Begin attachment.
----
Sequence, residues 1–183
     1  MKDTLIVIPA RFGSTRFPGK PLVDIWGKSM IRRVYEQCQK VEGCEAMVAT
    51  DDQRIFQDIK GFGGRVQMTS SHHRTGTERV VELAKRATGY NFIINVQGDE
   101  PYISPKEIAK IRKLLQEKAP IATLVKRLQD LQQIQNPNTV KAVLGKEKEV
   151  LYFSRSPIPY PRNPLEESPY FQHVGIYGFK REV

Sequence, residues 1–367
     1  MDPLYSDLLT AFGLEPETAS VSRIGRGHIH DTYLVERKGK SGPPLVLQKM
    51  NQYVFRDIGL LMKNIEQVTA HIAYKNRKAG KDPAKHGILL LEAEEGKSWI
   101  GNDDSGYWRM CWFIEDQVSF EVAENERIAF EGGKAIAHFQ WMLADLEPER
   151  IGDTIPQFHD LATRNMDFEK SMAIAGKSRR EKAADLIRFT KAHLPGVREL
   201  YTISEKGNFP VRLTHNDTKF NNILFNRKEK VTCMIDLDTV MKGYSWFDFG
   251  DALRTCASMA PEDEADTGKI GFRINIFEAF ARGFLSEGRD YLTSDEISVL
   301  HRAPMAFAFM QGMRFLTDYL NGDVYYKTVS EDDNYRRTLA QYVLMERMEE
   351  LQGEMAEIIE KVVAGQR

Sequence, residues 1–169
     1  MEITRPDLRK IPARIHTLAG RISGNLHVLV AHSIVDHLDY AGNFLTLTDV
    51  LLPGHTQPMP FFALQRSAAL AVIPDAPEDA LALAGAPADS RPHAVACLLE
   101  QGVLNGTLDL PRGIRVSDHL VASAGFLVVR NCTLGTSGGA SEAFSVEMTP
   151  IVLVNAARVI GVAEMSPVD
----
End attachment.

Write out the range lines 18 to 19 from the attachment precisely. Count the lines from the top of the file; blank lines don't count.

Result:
   101  QGVLNGTLDL PRGIRVSDHL VASAGFLVVR NCTLGTSGGA SEAFSVEMTP
   151  IVLVNAARVI GVAEMSPVD